A final end to the evil drugs den

A DIGGER has torn down the remaining out buildings which were being used by junkies in a move which would have appeared to have brought a closure to the Avenue Road drugs den saga.

A DIGGER has torn down the remaining out buildings which were being used by junkies in a move which would have appeared to have brought a closure to the Avenue Road drugs den saga.

Diggers moved in on Tuesday 18 December, the same day that this paper published another article revealing that the den was still being regularly used by drug addicts, despite the main structures having been torn down months ago. +

One local resident who told the paper recently that he feared needles from junkies might infect chidlren with AIDs and Hep C said that he was “relieved” the final shed was demolished and that the unthinking drug addicts would have to find somewhere new to get their fix.

Two weeks ago the council had said that they would move on the site after Christmas, but it seems that the owners have gotten there first in a bid to tidy up the problematic site.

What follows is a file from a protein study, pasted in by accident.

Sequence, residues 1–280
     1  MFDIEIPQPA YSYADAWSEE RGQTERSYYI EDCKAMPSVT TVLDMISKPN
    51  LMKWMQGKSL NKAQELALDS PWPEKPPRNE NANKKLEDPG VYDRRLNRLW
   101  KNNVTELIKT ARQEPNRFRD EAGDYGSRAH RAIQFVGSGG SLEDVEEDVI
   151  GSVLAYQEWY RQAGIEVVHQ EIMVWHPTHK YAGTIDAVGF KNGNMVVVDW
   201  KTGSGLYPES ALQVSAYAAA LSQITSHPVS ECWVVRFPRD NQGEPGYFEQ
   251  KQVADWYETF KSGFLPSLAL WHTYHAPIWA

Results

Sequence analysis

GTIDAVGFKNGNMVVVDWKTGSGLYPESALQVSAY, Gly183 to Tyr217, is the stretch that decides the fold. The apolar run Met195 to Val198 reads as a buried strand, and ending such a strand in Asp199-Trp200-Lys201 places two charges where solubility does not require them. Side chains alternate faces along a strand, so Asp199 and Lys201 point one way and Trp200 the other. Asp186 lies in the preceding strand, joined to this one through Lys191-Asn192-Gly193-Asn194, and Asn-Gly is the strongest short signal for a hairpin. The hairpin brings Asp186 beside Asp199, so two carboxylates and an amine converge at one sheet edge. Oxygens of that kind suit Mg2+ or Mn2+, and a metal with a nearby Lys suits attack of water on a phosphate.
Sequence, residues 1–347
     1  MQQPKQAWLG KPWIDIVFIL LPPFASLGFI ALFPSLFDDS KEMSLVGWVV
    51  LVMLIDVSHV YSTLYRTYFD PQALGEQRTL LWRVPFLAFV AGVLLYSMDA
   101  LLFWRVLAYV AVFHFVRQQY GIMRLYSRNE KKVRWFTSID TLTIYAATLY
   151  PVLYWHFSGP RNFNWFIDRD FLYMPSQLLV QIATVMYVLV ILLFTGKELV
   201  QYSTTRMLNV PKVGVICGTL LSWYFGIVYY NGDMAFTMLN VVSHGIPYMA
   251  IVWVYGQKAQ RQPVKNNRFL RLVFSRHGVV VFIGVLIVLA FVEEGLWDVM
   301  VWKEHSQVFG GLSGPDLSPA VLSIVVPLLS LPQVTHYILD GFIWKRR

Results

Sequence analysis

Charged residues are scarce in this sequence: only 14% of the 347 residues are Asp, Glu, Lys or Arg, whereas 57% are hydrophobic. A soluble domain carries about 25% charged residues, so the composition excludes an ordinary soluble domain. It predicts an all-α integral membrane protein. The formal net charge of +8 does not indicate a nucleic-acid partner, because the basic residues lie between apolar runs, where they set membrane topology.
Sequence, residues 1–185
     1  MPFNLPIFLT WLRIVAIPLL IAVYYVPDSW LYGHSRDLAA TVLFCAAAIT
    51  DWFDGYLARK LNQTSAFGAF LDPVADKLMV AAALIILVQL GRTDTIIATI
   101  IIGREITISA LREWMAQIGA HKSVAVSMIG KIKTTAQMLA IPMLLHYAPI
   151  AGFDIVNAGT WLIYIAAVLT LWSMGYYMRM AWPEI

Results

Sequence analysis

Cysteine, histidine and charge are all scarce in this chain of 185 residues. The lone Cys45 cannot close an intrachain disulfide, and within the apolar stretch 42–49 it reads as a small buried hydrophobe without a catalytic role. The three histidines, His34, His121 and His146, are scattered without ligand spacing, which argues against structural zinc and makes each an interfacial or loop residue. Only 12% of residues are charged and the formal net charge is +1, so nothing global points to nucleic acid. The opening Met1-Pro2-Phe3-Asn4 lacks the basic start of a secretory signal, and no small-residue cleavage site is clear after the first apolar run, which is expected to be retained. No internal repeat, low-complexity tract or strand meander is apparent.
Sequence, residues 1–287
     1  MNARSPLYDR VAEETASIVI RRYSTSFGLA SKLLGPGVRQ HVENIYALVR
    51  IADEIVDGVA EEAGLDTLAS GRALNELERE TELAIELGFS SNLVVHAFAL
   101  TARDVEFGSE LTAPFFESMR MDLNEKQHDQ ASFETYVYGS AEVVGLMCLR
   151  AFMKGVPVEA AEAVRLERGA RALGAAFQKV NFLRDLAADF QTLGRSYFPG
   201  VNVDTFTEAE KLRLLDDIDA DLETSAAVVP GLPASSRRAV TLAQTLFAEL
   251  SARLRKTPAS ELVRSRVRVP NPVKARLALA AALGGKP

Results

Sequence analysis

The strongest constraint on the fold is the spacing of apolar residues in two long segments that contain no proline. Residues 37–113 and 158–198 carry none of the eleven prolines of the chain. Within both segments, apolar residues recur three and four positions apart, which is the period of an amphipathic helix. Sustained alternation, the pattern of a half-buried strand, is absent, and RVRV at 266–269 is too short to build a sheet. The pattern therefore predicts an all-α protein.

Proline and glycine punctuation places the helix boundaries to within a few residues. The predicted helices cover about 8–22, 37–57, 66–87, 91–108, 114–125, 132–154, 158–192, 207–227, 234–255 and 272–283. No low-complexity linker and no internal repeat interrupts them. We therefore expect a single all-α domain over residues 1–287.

Cllr Tomas Sharkey, who spearheaded the campaign to tackle the den, says he is glad that the issue has been resolved. “It’s looks like it has been resolved alright.

“Credit has to go to the residents of the area who have put up with so much over the last year. They and their children have had to see things that no one should have to see.

“Credit also should go to Dundalk Town Council, who had to do this the right way.

“From my position as a elected member, I had a duty of care to safety of the public in this situation. I would also like to send out a message to the owners of vacant properties who could potentially be used as drugs den. These people need to understand that they have a responsibility to maintain their property, they can’t just let the council do the work for them. If they do they could be left with a substantial bill by the end of proceedings.”

Cllr Sharkey says that people have to look at this in the context of the pressure that are being placed on the Dundalk drug squad, who he believes are being waylaid with paperwork.

“In 2012 up until last month there 79 arrests for posession of drugs, down 56 from the previous. In 2012 there were 38 arrests for posession for the purpose of resale, down 29 from 2011. The reason for the drop is not that there are less drugs on the streets, but rather that the unit are being snowed under with paper work from last year. I would say that the Minister for Justice needs to find a new way of processing arrests that doesn’t see gardaí doing paper work rather then being out in the field.”